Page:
On The Human Condition - Poem by Daniel Brick
"Wanderer, there is no path. There is only the walking."
(Inscription on a monastery wall in Toledo, Spain.)
"Wanderer... " (The Body)
Wanderer, tell me where
you have been, and I will
know who you are. Tell me
where you are going,
and you will be a mystery
to me. What will you say?
Does the past hang over
your path like a broad-brimmed
hat, blocking your sight
of immediate things?
You must practice leaning
backward stretching your neck,
craning your eyes. These gestures
will make the world visible,
even as darkness drops
from the sky, slips through cloud
banks, gets entangled
in the leafless trees
of this low country
and spreads across
the rough ground
like a stalking beast.
I see you are a man
of high country habits:
you move too fast for this clime.
You will arrive too soon
at your destinations, people
won't be ready for you, they
will struggle to find conversation
which suits you. They will spill
precious beverages trying
to serve you. And the premature wine
will lack flavor... But somewhere
on our crowd of citizens, you will find
one dazed denizen who speaks
your language, even with your accents.
It will be a homecoming of sorts
as you share favorite poems
each of you has learned by heart.
When you retire for the night
in a makeshift bed even the blankets
will remind you of your lost homeland.
And the grief you have carried
for days and nights past counting
will fall into the deepest abyss
of sleeping and vanish.
"... There is no path.... "(The Mind)
Knowledge plays tricks
on us: it pretends to be
universal, when it is only
local. It promises happiness
to those who strive to learn,
but its pursuit brings loads
of sorrows the learner must
carry - for how long? But
the mind is cavernous, its
sorrowload is scattered over
the floors of thought, and
the burden lightens over time.
Two types of learners contend
to make their knowledge swell
in relevance: some sit in chairs
or walk under arbored lanes
as they contemplate in silence
the nature of things. Others sit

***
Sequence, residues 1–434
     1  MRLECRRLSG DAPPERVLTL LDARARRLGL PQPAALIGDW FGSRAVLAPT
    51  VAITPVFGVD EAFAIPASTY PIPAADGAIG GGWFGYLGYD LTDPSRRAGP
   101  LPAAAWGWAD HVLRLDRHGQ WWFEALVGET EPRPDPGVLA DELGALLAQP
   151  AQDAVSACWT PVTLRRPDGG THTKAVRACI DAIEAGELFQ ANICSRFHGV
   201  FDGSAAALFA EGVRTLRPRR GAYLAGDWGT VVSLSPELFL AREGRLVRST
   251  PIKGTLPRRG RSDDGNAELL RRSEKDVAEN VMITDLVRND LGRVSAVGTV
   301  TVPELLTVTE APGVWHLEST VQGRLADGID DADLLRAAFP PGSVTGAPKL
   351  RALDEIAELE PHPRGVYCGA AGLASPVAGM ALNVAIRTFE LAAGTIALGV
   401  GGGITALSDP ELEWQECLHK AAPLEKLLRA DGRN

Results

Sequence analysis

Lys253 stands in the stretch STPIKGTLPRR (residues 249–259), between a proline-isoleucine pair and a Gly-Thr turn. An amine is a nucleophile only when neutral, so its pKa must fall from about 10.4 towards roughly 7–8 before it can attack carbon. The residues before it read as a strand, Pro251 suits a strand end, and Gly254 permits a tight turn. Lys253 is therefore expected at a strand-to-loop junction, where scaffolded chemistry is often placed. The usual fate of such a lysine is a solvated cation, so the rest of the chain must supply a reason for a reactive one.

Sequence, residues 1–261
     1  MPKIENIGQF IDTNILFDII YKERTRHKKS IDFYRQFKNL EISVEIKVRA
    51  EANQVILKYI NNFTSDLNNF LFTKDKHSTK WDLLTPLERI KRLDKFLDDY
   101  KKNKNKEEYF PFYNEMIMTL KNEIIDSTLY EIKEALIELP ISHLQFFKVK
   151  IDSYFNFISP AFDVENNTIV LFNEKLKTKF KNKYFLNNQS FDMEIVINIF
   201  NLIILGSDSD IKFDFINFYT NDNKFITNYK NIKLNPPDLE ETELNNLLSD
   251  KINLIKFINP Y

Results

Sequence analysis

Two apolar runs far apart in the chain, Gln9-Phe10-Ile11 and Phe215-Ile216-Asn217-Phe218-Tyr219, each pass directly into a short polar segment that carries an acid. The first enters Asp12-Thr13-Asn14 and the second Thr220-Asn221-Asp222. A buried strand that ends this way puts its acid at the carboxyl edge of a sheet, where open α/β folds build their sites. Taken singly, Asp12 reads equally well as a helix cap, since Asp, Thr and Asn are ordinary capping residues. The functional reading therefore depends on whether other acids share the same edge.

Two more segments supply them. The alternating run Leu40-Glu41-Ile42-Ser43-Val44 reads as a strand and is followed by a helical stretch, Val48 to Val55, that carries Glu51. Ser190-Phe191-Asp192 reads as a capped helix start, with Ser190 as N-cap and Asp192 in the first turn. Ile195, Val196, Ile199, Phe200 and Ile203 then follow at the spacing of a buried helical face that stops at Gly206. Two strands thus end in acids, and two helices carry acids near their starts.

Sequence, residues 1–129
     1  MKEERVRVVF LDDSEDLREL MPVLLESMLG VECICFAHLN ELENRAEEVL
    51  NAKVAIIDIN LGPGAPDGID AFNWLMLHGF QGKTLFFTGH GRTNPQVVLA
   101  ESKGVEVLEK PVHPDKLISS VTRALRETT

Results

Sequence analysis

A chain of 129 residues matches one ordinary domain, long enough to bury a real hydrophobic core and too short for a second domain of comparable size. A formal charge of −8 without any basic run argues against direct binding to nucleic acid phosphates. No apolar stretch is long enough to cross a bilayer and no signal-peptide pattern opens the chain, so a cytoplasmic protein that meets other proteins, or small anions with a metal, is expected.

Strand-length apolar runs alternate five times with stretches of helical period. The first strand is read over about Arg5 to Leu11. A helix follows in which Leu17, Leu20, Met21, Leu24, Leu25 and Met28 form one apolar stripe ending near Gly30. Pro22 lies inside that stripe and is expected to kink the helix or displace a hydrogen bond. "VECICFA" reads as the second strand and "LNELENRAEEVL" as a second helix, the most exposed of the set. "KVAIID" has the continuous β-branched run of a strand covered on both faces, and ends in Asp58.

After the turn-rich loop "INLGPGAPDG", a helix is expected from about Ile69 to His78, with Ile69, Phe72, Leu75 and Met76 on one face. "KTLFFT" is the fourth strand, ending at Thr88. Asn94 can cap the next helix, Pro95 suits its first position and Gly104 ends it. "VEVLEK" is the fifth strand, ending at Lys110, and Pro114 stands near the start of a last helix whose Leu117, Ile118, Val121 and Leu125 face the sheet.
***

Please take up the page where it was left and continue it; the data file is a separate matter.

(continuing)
at desks and in a frenzy of writing
produce page after page of erudite
speculation or dazzling fantasy.
Which is the worthier occupation?
I myself, a mere dilettante beset
on both sides by these passionate
advocates, have sampled both. I conclude:
on odd days writing trumps contemplation.
On even days - Oh, take your pick!
When the South Wind breezes through
our campus on its passage to the sea,
then the writers breathe in its dense
energy, and write passages of amazing
and incandescent wonder. Meanwhile,
those in contemplation breathe the same
charged air, and their thoughts, still
and focused, permeate space and lodge
in minds like mine and we sense
a heightened awareness render us
still and focused. When this mood
of mind fades, we will read
the writers' frenzied words, words, words.
"... There is only the walking."(The Soul)
I am the third speaker. It is my time
to turn time into purpose and purpose
into triumph! Have your heard of this
philosophy? It goes by various names
but its essence never changes. It tells us:
you can do what you will, but first
you must prepare that god within, your s-o-u-l,
to receive its truth from itself. That is
the abundance within that continually
pours its power into body and mind and
MAKES YOU WHOLE... The only sin is
laziness. So stand up, brush the crumbs
from your shirt, grab your cane, and take
the first big step into your future.
And the steps will almost magically
follow one after another, and your body
will assume a gait in sync with the currents
of your mind, energized by the power
of your soul, in the fullness of your being.
And your mantra evermore will be: There is only the walking.
Comments about On The Human Condition by Daniel Brick
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